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Garrett v. Chase Home Finance

United States District Court, M.D. Pennsylvania

January 5, 2018




         I. BACKGROUND

         Pending before the court is one of several recent appeals filed by pro se appellant Lundes Garrett seeking to challenge and re-litigate various Orders issued by the bankruptcy court arising out of his four underlying bankruptcy cases, two Chapter 7 cases and two Chapter 13 cases.[1] Appellant's instant appeal was filed on April 27, 2017, and involves one of his closed Chapter 7 bankruptcy cases, namely, case number 5:11-bk-1800, M.D.Pa. (Doc. 1).

         After a hearing was conducted in appellant's bankruptcy case number 5:11-bk-1800, in which testimony was taken and exhibits were submitted, the bankruptcy court issued a final Order on May 17, 2011 granting appellee Chase Home Finance LLC's (“Chase”) April 1, 2011 motion for relief from the automatic stay under 11 U.S.C. §362. (Doc. 5, Doc. 8). In the instant appeal, appellant is appealing the bankruptcy court's Order dated April 18, 2017 which denied his March 21, 2017 motion to vacate, pursuant to Fed.R.Civ.P. 60(b), that court's Order of May 17, 2011.

         Appellant is essentially now trying to challenge a bankruptcy court Order initially issued almost six years ago in a case that has been closed for three years. In fact, the Chapter 7 trustee entered his report of no distribution of assets on August 4, 2011, and the trustee certified that appellant's bankruptcy case had been fully administered. Subsequently, appellant and his joint debtor wife, June Garrett, who is not a party herein, received their Chapter 7 bankruptcy discharge on October 20, 2011. Appellant's stated bankruptcy case was closed after being fully administered on April 18, 2014 when the bankruptcy court entered the final decree.

         Along with his instant appeal, appellant filed a motion for leave to proceed in forma pauperis indicating that he has no income, $400 in the bank, and two older vehicles. (Doc. 2).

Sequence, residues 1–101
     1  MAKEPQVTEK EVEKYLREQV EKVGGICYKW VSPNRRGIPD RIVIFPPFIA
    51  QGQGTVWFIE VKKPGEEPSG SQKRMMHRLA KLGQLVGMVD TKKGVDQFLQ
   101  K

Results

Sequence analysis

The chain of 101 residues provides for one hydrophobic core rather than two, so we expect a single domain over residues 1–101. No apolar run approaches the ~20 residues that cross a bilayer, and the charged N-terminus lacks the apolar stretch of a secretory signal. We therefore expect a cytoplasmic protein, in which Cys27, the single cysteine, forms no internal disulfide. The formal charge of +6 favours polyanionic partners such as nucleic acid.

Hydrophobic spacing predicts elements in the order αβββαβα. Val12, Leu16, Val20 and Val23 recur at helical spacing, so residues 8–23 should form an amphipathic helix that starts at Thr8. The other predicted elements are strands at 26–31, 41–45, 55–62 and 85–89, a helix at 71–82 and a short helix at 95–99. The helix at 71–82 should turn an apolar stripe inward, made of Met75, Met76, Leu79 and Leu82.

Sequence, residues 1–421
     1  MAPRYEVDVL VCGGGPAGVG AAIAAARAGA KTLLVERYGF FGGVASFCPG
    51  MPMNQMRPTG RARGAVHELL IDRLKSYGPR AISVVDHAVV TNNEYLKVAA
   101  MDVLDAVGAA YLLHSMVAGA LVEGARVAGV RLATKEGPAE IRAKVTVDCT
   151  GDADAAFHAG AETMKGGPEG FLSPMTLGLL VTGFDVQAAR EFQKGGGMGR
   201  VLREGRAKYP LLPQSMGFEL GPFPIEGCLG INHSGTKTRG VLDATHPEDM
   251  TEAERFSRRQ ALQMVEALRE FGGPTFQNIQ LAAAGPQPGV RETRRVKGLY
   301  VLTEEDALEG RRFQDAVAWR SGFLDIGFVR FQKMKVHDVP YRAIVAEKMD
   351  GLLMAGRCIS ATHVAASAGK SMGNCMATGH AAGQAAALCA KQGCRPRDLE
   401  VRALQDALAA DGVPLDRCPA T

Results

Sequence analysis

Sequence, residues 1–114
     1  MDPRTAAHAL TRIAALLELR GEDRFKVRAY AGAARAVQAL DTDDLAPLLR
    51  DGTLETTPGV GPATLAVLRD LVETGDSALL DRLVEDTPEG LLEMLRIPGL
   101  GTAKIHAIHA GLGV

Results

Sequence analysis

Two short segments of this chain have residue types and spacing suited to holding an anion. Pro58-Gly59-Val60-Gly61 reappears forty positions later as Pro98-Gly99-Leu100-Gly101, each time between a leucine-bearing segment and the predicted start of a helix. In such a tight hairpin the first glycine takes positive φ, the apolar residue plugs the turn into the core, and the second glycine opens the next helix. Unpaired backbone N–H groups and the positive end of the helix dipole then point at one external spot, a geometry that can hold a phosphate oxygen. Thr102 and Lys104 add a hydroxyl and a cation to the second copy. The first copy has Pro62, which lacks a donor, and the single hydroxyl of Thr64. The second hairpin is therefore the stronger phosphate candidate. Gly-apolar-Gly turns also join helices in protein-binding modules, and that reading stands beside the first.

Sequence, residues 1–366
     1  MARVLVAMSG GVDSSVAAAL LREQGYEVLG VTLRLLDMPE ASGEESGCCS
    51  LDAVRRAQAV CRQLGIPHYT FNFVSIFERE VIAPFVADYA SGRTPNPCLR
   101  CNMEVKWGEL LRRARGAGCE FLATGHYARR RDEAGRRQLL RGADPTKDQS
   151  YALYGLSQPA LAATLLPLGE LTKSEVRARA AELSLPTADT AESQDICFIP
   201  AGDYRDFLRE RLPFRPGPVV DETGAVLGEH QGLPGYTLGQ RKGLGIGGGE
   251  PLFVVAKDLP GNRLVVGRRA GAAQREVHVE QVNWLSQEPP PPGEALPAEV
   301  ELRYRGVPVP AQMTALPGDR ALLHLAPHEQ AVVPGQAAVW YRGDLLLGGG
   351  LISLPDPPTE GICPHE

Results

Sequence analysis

On May 10, 2017, appellant filed his designation of the items to be included in the record on appeal and an amended designation on May 23, 2017. (Doc. 4).

         On June 1, 2017, appellant filed his statement of the issues to be presented on appeal as directed by the court. (Doc. 4). After being granted an extension of time, appellant filed his brief in support of his appeal on August 29, 2017. (Doc. 13). Chase filed its brief on September 28, 2017. (Doc. 16). Chase also filed a motion to supplement the record and a designation of additional items to be included in the record with an Appendix on September 28, 2017, (Doc. 17, Doc. 18, Doc. 19), and the court granted the motion on October 27, 2017. (Doc. 21). Appellant's appeal is now ripe for disposition.

         Based on the foregoing, the court will AFFIRM the bankruptcy court's Order dated April 18, 2017, and DENY appellant's appeal. (Doc. 1).


         This court has appellate jurisdiction over the bankruptcy court's April 18, 2017 Order pursuant to 28 U.S.C. §158(a)(1) (The district court has “jurisdiction to hear appeals from final judgments, orders, and decrees” of a bankruptcy court). See In re Michael, 699 F.3d 305, 308 n.2 (3d Cir. 2012) (“[A] district court sits as an appellate court to review a bankruptcy court.”).

         The court in Forever Green Athletic Fields, Inc. v. Dawson, 514 B.R. 768, 778 (E.D.Pa. 2014), discussed the legal standard regarding appeals of bankruptcy court orders and stated:

Federal Rule of Bankruptcy Procedure 8013 provides that a reviewing court “may affirm, modify, or reverse a bankruptcy judge's judgment, order, or decree or remand with instructions for further proceedings.” Fed. R. Bankr.P. 8013. In our review, we are governed by traditional standards of appellate review and accordingly review a bankruptcy court's legal determinations de novo, independent of that court and without deference to its analysis and conclusions of law. See American Flint Glass Workers Union v. Anchor Resolution Corp., 197 F.3d 76, 80 (3d Cir. 1999); see also Fed. R. Bankr. P. 8013. We review its factual findings, whether based on oral or documentary evidence, for clear error, and its exercise of discretion for abuse thereof. In re Trans World Airlines, Inc., 145 F.3d 124, 130-31 (3d Cir. 1998). Mixed questions of fact and law must be broken down and reviewed under the applicable standard. See In re Montgomery Ward Holding Corp., 326 F.3d 383, 387 (3d Cir. 2003). We review a bankruptcy court's dismissal of a bankruptcy case as a bad faith filing for abuse of discretion. In re SGL Carbon Corp., 200 F.3d 154, 159 (3d Cir. 1999).

         Additionally, “[a] factual finding is clearly erroneous if the district court is firmly convinced, based on all of the evidence, that the bankruptcy court made a mistake.” Id. (citation omitted). The district court ...

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